The World Economic Forum’s Human Capital Index finds that Sub-Saharan Africa currently only captures 55% of its human capital potential, compared to a global average of 65%. With more than 60% of its population under the age of 25, Sub-Saharan Africa is the world’s youngest region. By 2030, the continent’s working-age population is set to increase by two-thirds, from 370 million adults in 2010 to over 600 million in 2030.
The region’s capacity to adapt to further job disruption is a concern. Employers across the region already identify inadequately skilled workforces as a major constraint to their businesses. Often this skills instability stems from the fact that many jobs in the region are becoming more intense in their use of digital technologies. Average ICT intensity of jobs in South Africa increased by 26% over the last decade, while 6.7% of all formal sector employment in Ghana and 18.4% of all formal sector employment in Kenya occurs in occupations with high ICT intensity.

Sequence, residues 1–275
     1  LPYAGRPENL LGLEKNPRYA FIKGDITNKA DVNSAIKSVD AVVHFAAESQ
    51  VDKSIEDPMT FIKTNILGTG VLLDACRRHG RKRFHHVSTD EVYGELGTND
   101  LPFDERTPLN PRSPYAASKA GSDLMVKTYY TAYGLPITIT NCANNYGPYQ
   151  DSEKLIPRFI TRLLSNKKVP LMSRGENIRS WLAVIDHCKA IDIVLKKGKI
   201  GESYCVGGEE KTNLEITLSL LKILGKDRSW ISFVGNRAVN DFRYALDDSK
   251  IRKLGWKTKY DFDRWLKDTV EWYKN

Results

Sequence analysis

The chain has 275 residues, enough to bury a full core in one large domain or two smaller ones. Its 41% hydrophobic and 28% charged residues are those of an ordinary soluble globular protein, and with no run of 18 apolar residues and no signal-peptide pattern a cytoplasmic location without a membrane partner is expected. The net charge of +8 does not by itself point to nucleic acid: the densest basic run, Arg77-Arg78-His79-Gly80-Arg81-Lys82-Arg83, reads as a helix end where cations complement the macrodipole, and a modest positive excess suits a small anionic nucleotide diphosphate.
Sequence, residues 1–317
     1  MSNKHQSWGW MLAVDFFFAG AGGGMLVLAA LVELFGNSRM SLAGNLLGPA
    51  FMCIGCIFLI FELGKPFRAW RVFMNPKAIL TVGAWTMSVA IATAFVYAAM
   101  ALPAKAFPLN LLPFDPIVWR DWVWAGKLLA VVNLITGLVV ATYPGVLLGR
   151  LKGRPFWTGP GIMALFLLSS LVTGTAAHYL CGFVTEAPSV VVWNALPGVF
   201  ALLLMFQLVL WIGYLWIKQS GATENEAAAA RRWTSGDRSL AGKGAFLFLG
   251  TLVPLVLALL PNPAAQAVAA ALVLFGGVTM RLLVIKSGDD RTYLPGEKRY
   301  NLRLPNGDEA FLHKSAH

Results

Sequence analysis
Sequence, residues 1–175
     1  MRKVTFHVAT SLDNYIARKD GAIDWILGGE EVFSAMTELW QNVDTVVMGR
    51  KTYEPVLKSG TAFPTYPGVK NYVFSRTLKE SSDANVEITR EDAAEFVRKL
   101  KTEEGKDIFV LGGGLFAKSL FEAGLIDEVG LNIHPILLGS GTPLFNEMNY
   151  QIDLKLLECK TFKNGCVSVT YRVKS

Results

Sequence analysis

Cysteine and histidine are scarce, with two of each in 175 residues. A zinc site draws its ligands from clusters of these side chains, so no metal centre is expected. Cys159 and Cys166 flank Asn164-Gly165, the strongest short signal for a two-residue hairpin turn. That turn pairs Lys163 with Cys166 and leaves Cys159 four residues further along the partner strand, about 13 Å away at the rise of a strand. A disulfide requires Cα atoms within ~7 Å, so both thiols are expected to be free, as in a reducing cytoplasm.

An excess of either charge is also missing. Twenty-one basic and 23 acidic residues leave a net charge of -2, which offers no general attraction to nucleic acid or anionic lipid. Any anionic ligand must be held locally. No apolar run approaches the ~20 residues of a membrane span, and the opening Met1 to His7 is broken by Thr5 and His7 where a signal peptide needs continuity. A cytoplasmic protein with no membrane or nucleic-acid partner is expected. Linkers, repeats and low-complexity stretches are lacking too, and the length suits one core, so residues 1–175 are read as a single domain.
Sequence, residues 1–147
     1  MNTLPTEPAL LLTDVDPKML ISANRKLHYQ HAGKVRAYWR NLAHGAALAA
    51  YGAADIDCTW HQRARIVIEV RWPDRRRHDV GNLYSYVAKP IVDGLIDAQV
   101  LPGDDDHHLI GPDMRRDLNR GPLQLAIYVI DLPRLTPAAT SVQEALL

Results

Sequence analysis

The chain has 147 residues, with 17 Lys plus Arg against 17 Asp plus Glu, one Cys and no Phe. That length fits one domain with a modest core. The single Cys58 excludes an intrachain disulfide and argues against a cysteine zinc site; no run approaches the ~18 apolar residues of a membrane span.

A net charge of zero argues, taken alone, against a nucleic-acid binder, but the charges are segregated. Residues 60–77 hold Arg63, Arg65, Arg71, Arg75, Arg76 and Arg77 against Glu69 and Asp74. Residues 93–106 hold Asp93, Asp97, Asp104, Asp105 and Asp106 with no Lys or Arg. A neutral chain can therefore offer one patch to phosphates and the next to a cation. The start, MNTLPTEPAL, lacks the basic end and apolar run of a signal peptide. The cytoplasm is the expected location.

The greatest long-term benefits of ICT intensive jobs in the region are likely to be not in the lower-skilled delivery of digital products or services but in digital design, creation and engineering. To build a pipeline of future skills, Africa’s educators should design future-ready curricula that encourage critical thinking, creativity and emotional intelligence as well as accelerate acquisition of digital and STEM skills to match the way people will work and collaborate in the Fourth Industrial Revolution.
Source: World Economic Forum report on The Future of Jobs and Skills in Africa